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Brazilian fintech company Wuzu receives a contribution of R$ 1,7M

Wuzu specializes in creating trading and exchange systems. With the investment, it will strengthen its sales area to further expand. The company should close 2020 with revenues of $156,800 (800,000 reais), half the initial expectation for the year. The total is still 60% higher than the 2019 invoice. For 2021, the goal is to beat $490,000 (2.5 million reais) and triple the number of customers – from five to 15.



In a round that combined crowdfunding and investment funds, the Brazilian startup Wuzu, founded in 2017, raised $334,000 (1.7 million reais). The company specializes in creating digital tools for trading different types of assets.

This is not the first investment received by the fintech company. Since 2017, Wuzu has received $686,000 (3.5 million reais) from angel investors and Duxx, Superjobs, Bossa Nova Investments funds.

With the new round, founding partners Anderson Nery, Bruno Bertoldi, and Guilherme Zonatto hope to expand the sales team and marketing investments of the startup. Part of the money will also be invested in hiring more people for the development and product teams. At the moment, the startup has around 20 employees.

“We want to amplify our presence in the market, reaching other fronts, such as public titles and energy, offering our solution of electronic counter of actives for markets still needing in this matter,” said Nery, Wuzu’s president.

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The trajectory of the business

The company was created from an amateur project of the partners, who have passed through private equity funds and international banks. Interested in the universe of cryptocurrencies, they started to develop algorithms to take advantage of the differences in spread of assets in different parts of the world.

It was within this crypto universe that they realized an opportunity. “The exchanges had sufferable architectures, there was a gap, there was no one creating the infrastructure,” says Nery. That’s how, at the end of 2016, they designed the project that gave rise to Wuzu.

At the beginning of the company, in 2017, the partners got seed investment to have enough capital to bankroll the operation while the technology was being built. The business took off two years later, when the startup won the first major client: the BTG Pactual bank (from the same controlling group as EXAME). With fintech’s infrastructure, the bank launched the ReitBZ furniture value token.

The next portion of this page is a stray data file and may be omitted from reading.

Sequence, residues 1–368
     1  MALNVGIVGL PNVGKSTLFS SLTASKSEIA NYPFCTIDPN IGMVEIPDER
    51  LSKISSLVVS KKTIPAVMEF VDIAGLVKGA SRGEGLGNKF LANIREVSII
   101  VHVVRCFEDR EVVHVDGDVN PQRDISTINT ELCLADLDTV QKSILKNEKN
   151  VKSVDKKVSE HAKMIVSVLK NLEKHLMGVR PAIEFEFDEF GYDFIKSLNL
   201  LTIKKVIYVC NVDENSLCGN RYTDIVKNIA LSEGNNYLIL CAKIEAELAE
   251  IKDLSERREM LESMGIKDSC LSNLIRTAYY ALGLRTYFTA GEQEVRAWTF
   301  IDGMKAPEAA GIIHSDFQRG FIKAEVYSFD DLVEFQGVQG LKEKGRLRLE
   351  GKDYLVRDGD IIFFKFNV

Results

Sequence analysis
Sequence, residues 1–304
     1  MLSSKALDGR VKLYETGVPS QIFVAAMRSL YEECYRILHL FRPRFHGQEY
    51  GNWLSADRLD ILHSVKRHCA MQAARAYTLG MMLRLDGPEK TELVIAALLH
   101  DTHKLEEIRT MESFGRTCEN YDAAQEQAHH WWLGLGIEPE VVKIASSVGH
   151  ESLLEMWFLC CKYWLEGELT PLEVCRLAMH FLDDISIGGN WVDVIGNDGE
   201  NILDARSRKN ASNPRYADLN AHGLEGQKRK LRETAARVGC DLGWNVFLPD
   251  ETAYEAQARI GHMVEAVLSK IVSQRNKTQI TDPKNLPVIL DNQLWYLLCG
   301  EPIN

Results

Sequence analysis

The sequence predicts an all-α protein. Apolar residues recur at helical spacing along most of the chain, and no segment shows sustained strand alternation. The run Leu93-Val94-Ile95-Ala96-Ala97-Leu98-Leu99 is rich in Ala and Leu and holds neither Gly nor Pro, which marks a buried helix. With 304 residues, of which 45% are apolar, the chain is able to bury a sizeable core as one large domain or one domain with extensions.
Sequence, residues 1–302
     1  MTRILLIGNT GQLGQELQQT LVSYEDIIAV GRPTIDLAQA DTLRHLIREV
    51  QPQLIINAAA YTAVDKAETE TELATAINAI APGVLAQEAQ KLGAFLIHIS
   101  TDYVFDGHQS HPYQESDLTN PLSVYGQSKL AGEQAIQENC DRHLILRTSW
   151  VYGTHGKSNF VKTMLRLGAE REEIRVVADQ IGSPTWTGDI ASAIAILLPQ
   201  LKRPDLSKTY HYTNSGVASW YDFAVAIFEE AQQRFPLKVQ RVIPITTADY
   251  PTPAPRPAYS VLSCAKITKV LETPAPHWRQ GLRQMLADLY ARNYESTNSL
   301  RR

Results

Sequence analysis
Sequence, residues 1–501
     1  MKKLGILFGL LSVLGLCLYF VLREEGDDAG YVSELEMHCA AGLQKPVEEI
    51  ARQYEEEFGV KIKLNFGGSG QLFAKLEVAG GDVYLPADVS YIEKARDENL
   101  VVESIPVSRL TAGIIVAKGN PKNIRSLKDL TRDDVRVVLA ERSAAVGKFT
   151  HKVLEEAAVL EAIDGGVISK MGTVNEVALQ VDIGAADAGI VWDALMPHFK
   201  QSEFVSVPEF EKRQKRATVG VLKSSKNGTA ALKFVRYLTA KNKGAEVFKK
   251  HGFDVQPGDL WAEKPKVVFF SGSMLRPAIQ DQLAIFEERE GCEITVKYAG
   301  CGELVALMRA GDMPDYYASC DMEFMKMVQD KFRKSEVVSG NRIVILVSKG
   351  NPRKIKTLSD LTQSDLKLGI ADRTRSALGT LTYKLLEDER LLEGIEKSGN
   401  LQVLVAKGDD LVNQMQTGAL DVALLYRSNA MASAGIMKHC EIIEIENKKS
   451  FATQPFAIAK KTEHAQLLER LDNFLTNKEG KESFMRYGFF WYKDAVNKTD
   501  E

Currently, the startup says it can implement in up to 2 hours a trading system using the blockchain as a facilitator of operations. “Our ambition is to become a stock exchange and use the technology to be a competitor of B3 in Brazil,” said Nery.

The pandemic has hindered Wuzu’s plans for this year. According to the president, many clients have postponed the contracting of projects due to market uncertainty. The company should close 2020 with revenues of $156,800 (800,000 reais), half the initial expectation for the year. The total is still 60% higher than the 2019 invoice. For 2021, the goal is to beat $490,000 (2.5 million reais) and triple the number of customers – from five to 15.


(Featured image by Pexels via Pixabay)

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This article may include forward-looking statements. These forward-looking statements generally are identified by the words “believe,” “project,” “estimate,” “become,” “plan,” “will,” and similar expressions. These forward-looking statements involve known and unknown risks as well as uncertainties, including those discussed in the following cautionary statements and elsewhere in this article and on this site. Although the Company may believe that its expectations are based on reasonable assumptions, the actual results that the Company may achieve may differ materially from any forward-looking statements, which reflect the opinions of the management of the Company only as of the date hereof. Additionally, please make sure to read these important disclosures.

First published in exame., a third-party contributor translated and adapted the article from the original. In case of discrepancy, the original will prevail.

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Daphne Freeman has worked in the crowdfunding and impact investing industry for the past few years, gaining experience in marketing, and connecting businesses and entrepreneurs in need with the right investors. As a seasoned grant writer as well as financial market journalist, she is passionate about making a social impact in the world. A free spirit, Daphne also enjoys writing and exploring topics of interest, currently CBD, health and beauty, and social media influencers.

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